According to him, diss tracks make sense, if at all, when the musicians have a history… and that he won’t engage with them, firstly, because he doesn’t know them personally, and secondly, simply because they aren’t in his league. Few hours later, around midnight, he was spitting poison on the mic, getting back at them…
The topic of the diss track aimed at him by three Kolkata rappers (and there have been other diss tracks by other rappers as well) came up: “There’s a lot of hate, but it’s cool…,” he said. According to him, diss tracks make sense, if at all, when the musicians have a history (like Tupac Shakur and the Notorious B.I.G., Eminem and Mariah Carey). He said he won’t engage with them, firstly, because he doesn’t know them personally, and secondly, simply because they aren’t in his league: “They should concentrate on their own music…” he said, adding, “Plus…I am a bigger man, man.” Few hours later, around midnight, he was spitting poison on the mic: ‘Yeh diss kar raha hai, woh diss kar raha hai.. Kyun apun one side khel rele hai kya? Woh bhi haq se khela hai, mehnat ka kya? (This person is dissing, that person is dissing… Am I playing a one-one-sided game or what? That too one which I have achieved with my own hard work) as he slipped into the hook line of one of his songs. I thought it would’ve been more effective if, in the tradition of true rap rivalries, instead of speaking them he’d had spun those words into a rap verse. But the crowd, which comprised large number of hip-hop enthusiast teenagers who might have never been to a gig of this sort, went nuts.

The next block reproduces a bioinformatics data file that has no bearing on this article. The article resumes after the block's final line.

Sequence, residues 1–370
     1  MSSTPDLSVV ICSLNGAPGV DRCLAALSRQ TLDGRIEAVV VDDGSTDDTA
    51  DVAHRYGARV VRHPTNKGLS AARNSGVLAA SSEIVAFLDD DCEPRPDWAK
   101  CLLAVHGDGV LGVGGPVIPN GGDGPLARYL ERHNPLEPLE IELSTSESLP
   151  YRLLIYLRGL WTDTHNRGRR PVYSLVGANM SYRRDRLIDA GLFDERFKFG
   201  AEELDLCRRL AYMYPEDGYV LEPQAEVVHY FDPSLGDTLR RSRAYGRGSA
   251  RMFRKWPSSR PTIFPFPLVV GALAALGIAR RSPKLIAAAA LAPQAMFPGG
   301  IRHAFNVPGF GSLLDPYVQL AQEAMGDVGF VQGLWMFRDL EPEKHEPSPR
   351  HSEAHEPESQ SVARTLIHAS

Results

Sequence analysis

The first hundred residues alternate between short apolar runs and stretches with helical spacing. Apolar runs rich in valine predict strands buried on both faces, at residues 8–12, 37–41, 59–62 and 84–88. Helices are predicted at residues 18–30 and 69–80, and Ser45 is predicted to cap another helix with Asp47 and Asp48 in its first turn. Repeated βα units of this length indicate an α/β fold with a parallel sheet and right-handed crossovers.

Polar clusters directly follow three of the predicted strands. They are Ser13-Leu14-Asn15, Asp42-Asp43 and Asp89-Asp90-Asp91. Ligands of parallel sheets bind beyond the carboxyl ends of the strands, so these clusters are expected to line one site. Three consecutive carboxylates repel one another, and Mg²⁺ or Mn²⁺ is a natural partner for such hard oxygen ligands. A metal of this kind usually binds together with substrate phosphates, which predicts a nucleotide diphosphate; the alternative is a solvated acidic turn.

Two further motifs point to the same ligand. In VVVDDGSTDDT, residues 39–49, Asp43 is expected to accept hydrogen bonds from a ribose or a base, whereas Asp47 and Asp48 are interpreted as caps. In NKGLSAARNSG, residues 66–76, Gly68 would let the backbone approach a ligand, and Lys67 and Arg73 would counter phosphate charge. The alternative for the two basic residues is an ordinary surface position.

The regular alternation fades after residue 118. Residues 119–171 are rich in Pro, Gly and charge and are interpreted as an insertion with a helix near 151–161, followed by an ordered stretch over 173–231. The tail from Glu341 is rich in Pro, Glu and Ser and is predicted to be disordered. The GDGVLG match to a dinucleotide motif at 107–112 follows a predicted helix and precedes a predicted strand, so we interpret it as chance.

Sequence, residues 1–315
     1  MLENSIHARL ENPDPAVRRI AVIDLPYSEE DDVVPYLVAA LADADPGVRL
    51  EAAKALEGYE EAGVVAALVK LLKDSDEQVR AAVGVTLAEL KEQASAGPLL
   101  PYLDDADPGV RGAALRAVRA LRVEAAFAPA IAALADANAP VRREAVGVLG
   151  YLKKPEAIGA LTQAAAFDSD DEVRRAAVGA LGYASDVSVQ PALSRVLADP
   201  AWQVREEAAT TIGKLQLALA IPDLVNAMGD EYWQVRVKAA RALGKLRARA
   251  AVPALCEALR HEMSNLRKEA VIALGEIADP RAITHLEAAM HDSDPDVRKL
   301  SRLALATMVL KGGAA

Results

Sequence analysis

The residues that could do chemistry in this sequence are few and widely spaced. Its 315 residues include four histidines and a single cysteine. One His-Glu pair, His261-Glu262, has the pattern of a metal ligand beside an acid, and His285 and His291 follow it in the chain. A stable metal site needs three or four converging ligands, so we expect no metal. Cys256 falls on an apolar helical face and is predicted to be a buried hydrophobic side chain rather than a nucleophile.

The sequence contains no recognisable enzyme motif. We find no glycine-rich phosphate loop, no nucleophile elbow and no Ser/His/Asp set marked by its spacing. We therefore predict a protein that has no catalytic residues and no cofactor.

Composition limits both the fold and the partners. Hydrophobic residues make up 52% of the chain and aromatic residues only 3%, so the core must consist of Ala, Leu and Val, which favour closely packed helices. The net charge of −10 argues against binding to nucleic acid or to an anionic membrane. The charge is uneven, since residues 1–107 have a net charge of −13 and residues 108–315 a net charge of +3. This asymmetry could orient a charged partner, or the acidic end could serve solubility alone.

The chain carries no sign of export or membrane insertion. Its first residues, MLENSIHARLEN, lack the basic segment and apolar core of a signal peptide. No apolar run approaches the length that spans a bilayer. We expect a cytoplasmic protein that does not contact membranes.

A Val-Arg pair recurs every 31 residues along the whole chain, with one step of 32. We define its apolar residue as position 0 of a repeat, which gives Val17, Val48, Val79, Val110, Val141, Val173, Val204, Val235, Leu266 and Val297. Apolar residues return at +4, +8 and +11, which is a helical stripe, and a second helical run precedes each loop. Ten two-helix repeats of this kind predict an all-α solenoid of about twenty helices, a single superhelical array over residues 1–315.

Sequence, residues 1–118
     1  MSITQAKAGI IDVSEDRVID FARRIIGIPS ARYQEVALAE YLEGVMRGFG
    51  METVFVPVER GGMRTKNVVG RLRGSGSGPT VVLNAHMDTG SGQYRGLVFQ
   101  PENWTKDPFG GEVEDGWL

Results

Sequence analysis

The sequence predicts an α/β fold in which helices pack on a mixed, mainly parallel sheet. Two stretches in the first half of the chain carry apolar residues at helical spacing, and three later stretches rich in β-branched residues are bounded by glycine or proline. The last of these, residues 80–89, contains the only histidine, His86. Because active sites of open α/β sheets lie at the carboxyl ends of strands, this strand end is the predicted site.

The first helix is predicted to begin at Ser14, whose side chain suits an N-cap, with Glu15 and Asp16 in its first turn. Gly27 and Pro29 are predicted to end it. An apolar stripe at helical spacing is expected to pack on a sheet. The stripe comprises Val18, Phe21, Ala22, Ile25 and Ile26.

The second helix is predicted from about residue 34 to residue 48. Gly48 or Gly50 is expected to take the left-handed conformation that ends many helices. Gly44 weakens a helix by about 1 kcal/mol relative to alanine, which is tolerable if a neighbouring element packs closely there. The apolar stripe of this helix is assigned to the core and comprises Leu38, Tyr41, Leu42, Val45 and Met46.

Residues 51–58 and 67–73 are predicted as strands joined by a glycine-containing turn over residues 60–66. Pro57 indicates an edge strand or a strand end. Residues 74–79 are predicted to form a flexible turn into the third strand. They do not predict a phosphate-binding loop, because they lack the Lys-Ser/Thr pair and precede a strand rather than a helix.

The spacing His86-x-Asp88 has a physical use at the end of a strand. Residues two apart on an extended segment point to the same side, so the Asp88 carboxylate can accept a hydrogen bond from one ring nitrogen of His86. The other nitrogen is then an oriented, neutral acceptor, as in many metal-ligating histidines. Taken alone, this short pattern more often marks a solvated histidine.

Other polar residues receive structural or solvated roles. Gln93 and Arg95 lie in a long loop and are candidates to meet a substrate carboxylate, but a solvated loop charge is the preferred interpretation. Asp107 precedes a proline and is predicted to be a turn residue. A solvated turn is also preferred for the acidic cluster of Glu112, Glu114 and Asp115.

There was more in store for them: Ranveer Singh, who had been chilling with his good friend before he took the stage, would dive into the crowd. The actor joined DIVINE for a rendition for “Mere Gully Mein,” a song that is considered to have set the ball rolling for the scene, and a song that the rapper introduced in the language of the streets: ‘Ek gaana main karoon? Jiski wajah se poori scene ki maa behen ek ho gayi.’ He had kicked off his set with the electrifying “Paintra,” composed by Nucleya, from Anurag Kashyap’s Mukkabaaz, snarled on to “Jungli Sher,” one of whose lines go ‘Tairna sikha khaai mein, Isiliye shabdon mein gehraai hai…’ (I learnt to swim in the ditch, that’s why there is depth in my words). He sang “Farak,” which begins with the sound of church bells that alludes to his memories of going to the church with his grandmother when he was a child, and in which he talks about his mother, one of his great themes. It was a charged atmosphere; the crowd head-banged, completed the hook-lines. While thanking sponsors and supporters, he expressed his gratefulness to his label, Sony Music, adding that badmouthing music labels is a case of sour grapes for those who don’t get a deal; it was a sly on the diss track that call him “Sony ka chaprasi” (a servant of Sony). From a voice in the margins to seeming all-powerful and invincible, how the tables have turned.
On the night before the event, I had met a bunch of boys in Bandra station who live in the nearby slum. I had heard them using the phrase, ‘Kaam 25’, in their conversation; it’s a slang for saying “job done’, and is the name of an original song that DIVINE had composed for the Netflix series Sacred Games. I had asked them what they think of him. One of them had said he likes him, but ‘thoda overacting karta hai.’ Others seemed to agree. They also said that this kind of music is fine when they are hanging with friends. But at the end of the day, when they are with family, it’s the Honey Singhs and the Baadshahs they like to go back to. Which ‘gang’ do they belong to?